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Celiac disease epilepsy occipital calcifications

Epilepsy with bilateral occipital calcifications, Bilateral occipital calcifications with epilepsy, Familial unilateral and bilateral occipital calcifications and epilepsy

Overview

A rare syndrome characterized by celiac disease and epilepsy with brain calcifications.

Symptoms - Celiac disease epilepsy occipital calcifications

  • Cerebral calcifications
  • Seizures - partial or generalized
  • Celiac disease
  • Malabsorption
  • Gastrointestinal tract abnormality
  • Anemia
  • Impaired vision

Causes - Celiac disease epilepsy occipital calcifications

Etiology of Celiac disease, epilepsy and cerebral calcification syndrome is unclear. It is not known if epilepsy and/or cerebral calcifications are a consequence of Celiac disease. Celiac disease is an immune auto-inflammatory reaction occurring in predisposed gluten-intolerant individuals. It originates from the jejunal mucosa and spreads to the lamina propria, leading to the observed histopathological features (crypt hyperplasia, jejunal villous atrophy and inflammatory infiltrate in the lamina propria). Celiac disease may induce autoimmune responses outside the gastrointestinal tract. Circulating activated T cells may cross the blood-brain barrier and be toxic to myelin or myelin-producing cells. As for isolated Celiac disease, Celiac disease, epilepsy and cerebral calcification syndrome is associated with the HLA-DQ2 and HLA-DQ8 genes.

Prevention - Celiac disease epilepsy occipital calcifications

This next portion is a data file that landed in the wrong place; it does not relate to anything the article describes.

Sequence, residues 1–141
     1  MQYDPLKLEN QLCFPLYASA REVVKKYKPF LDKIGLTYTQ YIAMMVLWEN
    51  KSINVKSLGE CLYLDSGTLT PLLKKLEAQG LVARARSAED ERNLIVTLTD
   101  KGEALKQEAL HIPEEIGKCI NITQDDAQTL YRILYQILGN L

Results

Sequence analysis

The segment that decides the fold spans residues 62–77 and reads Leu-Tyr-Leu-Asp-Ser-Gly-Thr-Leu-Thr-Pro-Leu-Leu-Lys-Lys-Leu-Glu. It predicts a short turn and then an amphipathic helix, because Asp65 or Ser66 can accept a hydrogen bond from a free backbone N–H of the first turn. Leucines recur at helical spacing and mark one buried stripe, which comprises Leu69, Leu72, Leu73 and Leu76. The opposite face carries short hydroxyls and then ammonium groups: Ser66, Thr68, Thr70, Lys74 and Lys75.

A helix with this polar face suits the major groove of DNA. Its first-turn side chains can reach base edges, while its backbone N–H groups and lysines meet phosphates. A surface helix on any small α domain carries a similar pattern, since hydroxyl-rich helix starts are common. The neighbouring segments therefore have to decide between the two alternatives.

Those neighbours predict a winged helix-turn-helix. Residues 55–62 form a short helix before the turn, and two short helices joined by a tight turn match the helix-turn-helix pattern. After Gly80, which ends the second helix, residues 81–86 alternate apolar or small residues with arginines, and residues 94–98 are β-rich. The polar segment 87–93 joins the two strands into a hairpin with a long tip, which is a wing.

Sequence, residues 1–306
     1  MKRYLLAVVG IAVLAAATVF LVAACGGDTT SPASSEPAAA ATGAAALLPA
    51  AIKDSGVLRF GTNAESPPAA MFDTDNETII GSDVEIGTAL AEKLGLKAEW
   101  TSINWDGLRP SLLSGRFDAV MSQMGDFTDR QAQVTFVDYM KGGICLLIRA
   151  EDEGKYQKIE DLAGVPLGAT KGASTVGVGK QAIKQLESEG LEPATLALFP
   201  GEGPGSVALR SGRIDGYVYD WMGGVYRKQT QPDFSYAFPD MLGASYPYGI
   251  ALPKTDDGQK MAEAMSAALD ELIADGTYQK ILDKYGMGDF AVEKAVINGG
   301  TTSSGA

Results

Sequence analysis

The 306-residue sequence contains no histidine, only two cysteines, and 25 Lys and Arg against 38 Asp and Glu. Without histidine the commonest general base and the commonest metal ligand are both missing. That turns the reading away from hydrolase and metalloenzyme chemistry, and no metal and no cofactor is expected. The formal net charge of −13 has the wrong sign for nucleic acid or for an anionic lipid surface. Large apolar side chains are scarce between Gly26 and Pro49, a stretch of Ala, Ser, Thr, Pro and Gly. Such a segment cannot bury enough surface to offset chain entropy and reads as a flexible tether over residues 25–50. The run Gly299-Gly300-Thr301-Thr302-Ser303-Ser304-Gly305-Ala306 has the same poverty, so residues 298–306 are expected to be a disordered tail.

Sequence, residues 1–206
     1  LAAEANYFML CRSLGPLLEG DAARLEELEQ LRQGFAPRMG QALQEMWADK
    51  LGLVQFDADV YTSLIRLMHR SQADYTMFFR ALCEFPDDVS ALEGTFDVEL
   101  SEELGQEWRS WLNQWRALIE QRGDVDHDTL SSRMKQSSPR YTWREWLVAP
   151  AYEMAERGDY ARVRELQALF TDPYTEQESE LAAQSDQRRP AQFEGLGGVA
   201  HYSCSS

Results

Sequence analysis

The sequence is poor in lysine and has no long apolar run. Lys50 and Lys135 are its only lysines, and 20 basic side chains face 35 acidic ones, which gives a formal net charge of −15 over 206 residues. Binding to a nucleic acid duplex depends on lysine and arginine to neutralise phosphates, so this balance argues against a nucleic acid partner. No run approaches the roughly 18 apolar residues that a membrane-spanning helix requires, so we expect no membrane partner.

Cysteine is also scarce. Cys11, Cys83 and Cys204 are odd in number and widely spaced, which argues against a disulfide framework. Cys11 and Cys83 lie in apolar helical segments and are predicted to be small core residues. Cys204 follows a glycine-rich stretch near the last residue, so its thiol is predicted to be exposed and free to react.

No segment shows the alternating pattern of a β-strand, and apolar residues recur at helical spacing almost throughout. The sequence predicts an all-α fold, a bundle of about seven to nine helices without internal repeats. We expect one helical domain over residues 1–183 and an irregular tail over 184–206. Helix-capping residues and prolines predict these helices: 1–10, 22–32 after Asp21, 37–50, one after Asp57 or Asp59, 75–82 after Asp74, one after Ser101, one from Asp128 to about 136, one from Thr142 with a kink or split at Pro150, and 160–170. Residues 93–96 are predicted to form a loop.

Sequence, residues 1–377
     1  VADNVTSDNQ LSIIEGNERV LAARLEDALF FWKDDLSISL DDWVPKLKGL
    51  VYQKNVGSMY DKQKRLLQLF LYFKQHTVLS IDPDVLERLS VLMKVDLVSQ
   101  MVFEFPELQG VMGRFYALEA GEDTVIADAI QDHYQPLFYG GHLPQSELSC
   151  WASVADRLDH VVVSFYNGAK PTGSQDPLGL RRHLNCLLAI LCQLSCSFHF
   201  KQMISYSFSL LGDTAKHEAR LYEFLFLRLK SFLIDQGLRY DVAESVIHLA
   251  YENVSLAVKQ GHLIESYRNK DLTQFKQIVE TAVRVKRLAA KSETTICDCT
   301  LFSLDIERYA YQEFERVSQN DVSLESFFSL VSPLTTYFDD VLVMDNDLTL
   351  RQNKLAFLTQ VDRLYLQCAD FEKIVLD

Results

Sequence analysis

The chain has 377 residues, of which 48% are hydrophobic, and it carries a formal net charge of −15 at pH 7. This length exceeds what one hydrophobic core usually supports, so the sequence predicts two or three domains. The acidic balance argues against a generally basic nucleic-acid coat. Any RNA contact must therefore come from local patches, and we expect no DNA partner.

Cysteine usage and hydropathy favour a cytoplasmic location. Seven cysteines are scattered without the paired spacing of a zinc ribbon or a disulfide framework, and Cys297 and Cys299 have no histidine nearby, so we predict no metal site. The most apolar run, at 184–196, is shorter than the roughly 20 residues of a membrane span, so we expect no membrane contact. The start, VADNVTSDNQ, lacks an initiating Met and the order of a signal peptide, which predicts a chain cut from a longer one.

A gluten-free diet, if started early after the onset of epilepsy, induces significant reduction in seizure frequency. Celiac disease should be ruled out in all cases of epilepsy, cerebral calcifications of unexplained origin and malabsorption syndrome in infancy.

Diagnosis - Celiac disease epilepsy occipital calcifications

Patients have symptoms suggesting malabsorptive syndrome during infancy but celiac disease is not always diagnosed before the onset of seizures.These start at mean age 7 years, being partial or generalized. A few serologic markers of celiac disease are to be looked for, especially antibody of the antiendomisium IgA type. Intestinal biopsy may reveal different levels of atrophy.

Prognosis - Celiac disease epilepsy occipital calcifications

Early diagnosis and good compliance of gluten-free diet greatly improve outcome. On the contrary, if treatment is delayed, epilepsy may be more severe and epileptic encephalopathy may develop.

Treatment - Celiac disease epilepsy occipital calcifications

Celiac disease requires life-long observance of a gluten-free diet (GFD), leading to clinical and histopathological resolution of symptoms.

Resources - Celiac disease epilepsy occipital calcifications

  • NIH
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